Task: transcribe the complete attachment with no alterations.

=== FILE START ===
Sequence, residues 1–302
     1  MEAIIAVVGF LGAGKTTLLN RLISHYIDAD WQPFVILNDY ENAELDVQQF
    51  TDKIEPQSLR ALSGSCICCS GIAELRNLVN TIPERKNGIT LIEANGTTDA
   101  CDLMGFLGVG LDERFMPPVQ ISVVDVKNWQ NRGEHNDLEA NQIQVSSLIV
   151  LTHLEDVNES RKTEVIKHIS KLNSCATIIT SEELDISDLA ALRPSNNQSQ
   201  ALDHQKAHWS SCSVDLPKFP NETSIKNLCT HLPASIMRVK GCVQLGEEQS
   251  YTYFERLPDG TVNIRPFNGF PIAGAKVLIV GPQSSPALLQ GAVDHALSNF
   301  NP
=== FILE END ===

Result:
Sequence, residues 1–302
     1  MEAIIAVVGF LGAGKTTLLN RLISHYIDAD WQPFVILNDY ENAELDVQQF
    51  TDKIEPQSLR ALSGSCICCS GIAELRNLVN TIPERKNGIT LIEANGTTDA
   101  CDLMGFLGVG LDERFMPPVQ ISVVDVKNWQ NRGEHNDLEA NQIQVSSLIV
   151  LTHLEDVNES RKTEVIKHIS KLNSCATIIT SEELDISDLA ALRPSNNQSQ
   201  ALDHQKAHWS SCSVDLPKFP NETSIKNLCT HLPASIMRVK GCVQLGEEQS
   251  YTYFERLPDG TVNIRPFNGF PIAGAKVLIV GPQSSPALLQ GAVDHALSNF
   301  NP